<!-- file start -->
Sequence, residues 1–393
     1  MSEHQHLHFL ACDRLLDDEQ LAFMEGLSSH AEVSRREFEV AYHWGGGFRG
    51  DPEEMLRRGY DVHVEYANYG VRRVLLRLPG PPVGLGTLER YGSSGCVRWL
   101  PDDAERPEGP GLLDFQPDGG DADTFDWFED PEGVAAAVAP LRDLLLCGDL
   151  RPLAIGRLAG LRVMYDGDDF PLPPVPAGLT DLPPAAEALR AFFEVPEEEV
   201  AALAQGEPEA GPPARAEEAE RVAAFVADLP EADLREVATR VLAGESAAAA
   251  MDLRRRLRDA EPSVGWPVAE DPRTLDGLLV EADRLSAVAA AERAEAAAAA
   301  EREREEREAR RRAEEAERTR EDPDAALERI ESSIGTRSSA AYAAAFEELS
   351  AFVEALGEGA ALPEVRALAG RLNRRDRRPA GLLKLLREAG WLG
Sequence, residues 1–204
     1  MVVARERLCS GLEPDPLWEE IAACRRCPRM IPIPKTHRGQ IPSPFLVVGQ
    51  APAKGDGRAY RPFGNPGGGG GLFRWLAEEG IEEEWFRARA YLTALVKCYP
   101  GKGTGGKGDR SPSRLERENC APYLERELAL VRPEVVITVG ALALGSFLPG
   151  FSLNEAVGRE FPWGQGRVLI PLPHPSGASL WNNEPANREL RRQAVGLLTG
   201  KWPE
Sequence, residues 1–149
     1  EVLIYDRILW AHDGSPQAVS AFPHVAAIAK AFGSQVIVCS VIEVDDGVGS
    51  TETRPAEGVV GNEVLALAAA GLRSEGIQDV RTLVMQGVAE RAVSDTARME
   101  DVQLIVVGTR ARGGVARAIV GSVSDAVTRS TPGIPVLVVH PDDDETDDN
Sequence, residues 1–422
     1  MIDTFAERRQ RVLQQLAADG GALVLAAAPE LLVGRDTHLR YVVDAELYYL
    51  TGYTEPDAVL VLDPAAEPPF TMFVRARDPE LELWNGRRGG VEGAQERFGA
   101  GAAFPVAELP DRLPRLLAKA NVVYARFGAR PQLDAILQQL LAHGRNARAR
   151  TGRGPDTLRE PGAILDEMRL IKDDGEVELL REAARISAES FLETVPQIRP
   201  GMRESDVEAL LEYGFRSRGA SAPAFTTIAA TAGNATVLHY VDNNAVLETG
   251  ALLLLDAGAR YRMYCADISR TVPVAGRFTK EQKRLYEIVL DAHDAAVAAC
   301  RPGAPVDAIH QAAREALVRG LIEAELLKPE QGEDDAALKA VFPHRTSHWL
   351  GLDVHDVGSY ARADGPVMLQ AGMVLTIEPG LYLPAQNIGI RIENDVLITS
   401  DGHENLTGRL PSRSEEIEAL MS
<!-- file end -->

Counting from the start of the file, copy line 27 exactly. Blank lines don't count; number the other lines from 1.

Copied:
   301  RPGAPVDAIH QAAREALVRG LIEAELLKPE QGEDDAALKA VFPHRTSHWL